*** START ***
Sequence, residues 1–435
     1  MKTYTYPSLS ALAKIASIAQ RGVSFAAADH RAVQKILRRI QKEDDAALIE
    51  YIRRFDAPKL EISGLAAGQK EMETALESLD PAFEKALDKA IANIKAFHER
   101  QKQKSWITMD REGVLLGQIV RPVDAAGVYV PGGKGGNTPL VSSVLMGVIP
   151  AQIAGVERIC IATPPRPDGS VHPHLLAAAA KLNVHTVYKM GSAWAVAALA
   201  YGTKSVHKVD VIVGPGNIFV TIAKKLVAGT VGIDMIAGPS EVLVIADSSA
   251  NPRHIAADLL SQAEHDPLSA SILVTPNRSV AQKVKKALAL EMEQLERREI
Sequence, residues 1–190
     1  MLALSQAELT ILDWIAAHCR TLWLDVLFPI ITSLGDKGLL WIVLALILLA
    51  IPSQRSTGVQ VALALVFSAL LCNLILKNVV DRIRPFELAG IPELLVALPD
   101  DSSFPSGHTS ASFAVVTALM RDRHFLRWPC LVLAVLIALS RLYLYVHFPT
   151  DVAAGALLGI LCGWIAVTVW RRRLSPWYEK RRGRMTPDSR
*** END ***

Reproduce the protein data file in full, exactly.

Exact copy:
Sequence, residues 1–435
     1  MKTYTYPSLS ALAKIASIAQ RGVSFAAADH RAVQKILRRI QKEDDAALIE
    51  YIRRFDAPKL EISGLAAGQK EMETALESLD PAFEKALDKA IANIKAFHER
   101  QKQKSWITMD REGVLLGQIV RPVDAAGVYV PGGKGGNTPL VSSVLMGVIP
   151  AQIAGVERIC IATPPRPDGS VHPHLLAAAA KLNVHTVYKM GSAWAVAALA
   201  YGTKSVHKVD VIVGPGNIFV TIAKKLVAGT VGIDMIAGPS EVLVIADSSA
   251  NPRHIAADLL SQAEHDPLSA SILVTPNRSV AQKVKKALAL EMEQLERREI
Sequence, residues 1–190
     1  MLALSQAELT ILDWIAAHCR TLWLDVLFPI ITSLGDKGLL WIVLALILLA
    51  IPSQRSTGVQ VALALVFSAL LCNLILKNVV DRIRPFELAG IPELLVALPD
   101  DSSFPSGHTS ASFAVVTALM RDRHFLRWPC LVLAVLIALS RLYLYVHFPT
   151  DVAAGALLGI LCGWIAVTVW RRRLSPWYEK RRGRMTPDSR